In this video Qiong Song and Su Zhao perform the ancient chinese tune Liu Yang River on a tour at the University of New Brunswick Saint John in Canada. Some people think that the 1st song (Liu Yang River) is out of tune because one girl pressed too hard with her left hand while the 2nd tune should be performed much faster. I personally think that the performance of the song is quite enjoyable. You decide for yourself!
For most of the western listeners of this tune it might be difficult to hear the subtleties of the interpretation and yet, they can enjoy the music. However, there is a pont in the critics: Why is this song performed by two gu zheng instrumentalists when they play the same thing? This reminds the desire of pope Gregor when he asked for unisonos for the music performed during the church services which became a starting point for the history of western classical music in the sense that this history culminates with Arnold Schoenberg and other composers of atonal twleve tone music after having suffered the progressive ‘consonantization of dissonances’.
Of course, this kind of concept is not applicable to the chinese music. However, the gu zhengs could have been playing slightly different parts.

Austrian Folk Music Performed on the Button-Box, a Music Instrument from Styria

The Steirische Button-Box or Steirische Harmonika is a kind of accordeon from the austrian region of Styria. It has buttons for both hands instead of a combination of buttons and a small keyboard as the traditional accordeons have. The music played with this music instrument is mostly austrian folk music which is still alive in this quiet region at the south of the Alpen mountains. The instrument is also played in other countries in this region. Remember that european countries are smaller than the states in northern america …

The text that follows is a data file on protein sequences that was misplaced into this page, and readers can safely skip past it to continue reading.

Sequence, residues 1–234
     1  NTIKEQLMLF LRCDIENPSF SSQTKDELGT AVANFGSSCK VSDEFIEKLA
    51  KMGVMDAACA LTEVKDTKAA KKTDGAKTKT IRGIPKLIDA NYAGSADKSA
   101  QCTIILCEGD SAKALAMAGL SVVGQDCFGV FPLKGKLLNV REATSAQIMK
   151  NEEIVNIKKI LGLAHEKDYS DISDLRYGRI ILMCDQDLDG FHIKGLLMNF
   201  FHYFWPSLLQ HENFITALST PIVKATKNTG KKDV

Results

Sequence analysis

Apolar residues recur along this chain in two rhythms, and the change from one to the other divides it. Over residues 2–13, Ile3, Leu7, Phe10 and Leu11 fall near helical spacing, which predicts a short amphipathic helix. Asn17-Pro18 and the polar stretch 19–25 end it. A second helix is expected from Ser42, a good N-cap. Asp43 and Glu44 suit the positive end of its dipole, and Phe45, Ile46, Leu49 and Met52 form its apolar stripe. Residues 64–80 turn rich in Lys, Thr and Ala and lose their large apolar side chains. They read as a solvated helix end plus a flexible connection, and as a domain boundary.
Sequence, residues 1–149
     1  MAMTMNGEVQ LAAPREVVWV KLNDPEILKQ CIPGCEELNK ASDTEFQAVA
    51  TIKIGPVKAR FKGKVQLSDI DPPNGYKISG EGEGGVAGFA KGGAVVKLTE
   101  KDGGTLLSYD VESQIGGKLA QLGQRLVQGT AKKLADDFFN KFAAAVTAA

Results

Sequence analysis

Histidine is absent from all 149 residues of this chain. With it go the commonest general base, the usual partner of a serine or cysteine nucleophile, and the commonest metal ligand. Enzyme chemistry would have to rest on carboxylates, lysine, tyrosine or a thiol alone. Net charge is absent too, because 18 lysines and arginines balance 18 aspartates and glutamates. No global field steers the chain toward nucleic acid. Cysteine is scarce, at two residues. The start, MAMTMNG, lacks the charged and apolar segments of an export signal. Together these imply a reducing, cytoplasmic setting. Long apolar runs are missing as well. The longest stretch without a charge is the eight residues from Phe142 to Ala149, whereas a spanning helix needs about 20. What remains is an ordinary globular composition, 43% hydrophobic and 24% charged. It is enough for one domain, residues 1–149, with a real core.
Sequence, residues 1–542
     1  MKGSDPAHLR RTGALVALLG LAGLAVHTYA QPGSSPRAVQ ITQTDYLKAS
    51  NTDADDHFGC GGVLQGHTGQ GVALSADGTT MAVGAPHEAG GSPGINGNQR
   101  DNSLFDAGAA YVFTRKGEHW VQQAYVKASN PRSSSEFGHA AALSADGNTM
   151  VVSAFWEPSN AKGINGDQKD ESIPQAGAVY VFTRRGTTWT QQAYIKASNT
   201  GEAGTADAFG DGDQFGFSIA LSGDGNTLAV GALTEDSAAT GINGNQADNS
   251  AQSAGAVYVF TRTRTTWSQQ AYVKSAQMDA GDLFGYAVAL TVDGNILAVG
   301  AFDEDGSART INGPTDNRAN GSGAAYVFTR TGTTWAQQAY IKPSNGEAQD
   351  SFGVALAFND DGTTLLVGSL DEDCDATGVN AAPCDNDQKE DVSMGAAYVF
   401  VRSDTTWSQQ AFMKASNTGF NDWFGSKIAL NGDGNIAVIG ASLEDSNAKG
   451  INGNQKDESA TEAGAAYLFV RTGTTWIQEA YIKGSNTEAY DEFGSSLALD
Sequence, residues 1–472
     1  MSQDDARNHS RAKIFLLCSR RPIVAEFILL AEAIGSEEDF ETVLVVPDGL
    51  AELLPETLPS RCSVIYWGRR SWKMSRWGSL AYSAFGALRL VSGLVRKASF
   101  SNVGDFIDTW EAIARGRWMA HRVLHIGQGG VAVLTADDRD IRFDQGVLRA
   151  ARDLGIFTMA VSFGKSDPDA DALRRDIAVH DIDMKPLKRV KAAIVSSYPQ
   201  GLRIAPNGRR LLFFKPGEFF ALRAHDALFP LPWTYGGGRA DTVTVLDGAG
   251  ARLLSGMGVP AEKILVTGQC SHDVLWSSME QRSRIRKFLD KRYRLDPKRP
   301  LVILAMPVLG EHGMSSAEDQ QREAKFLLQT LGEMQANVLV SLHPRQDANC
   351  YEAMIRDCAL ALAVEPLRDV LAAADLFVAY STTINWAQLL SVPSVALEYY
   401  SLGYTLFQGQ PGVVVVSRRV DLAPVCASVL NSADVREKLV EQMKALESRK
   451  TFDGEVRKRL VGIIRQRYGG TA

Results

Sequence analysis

With this instrument it is relatively easy for a single person to play for entertainment and dancing of a bigger crowd. The bass notes sound full.

Sarangi – A Musical Instrument with Strings from Nepal and India

Watch this video with several musicians playing an ancient nepalese instrument, the sarangi. It is similar to the western violin in the sense of being a string instrument which is played with a bow. However, the standard tuning of the strings is quite different so that the pentatonic and other oriental scales can be played with relative ease.
In Nepal it is played frequently as a solo instrument and the melodies and sound produced by the instrument are very relaxing. Nevertheless, people from Nepal and from around the world say it is pretty difficult to learn to play the sarangi.
The music itself sounds much like music from India and Pakistan. Nepal is an idependent state and does not belong to China, however it has a border with India so it’s only natural that the music of Northern India and Nepal sound similar or are the same. Whatever, if you are familiar with indian music, you know that the sarangi is a typical instrument for performing ragas, as a solo instrument or together with tablas and other oriental music instruments.
For those of you who like to listen to more eastern music here is a page with videos of indian music with sarangi and other traditional instruments.

Beijing Classical Music Ensemble Performing an Old Tune

This video shows the Bejing Classical Music Ensemble playing an old song on traditional instruments. It is a quartet and the song is an old melody composed for these instruments. The concept of chinese music is quite different from western music, even though in recent times, the globalization has a strong impact on the chinese music scene. Now you can listen to a big bunch of singers performing pop music which sounds like any other modern pop song, just with chinese lyrics. The chinese national identity disappears and the product is complying with the need for almost identical stuff that can satisfy the ‘needs’ of millions of potential buyers from all around the world.
This ensemble, however, performs traditional music with traditional chinese instruments. Some comments for this video clip of chinese music mention a too high pitch and the lack of an counter-melody. That’s just not the way chinese music was composed. In chinese music tonality is not that important as rhythm and rhythmical coincidence is release, not harmonic coincidence as in western music. We think that all people regardless of their cultural identity can perceive the joyfull character of the song in this video.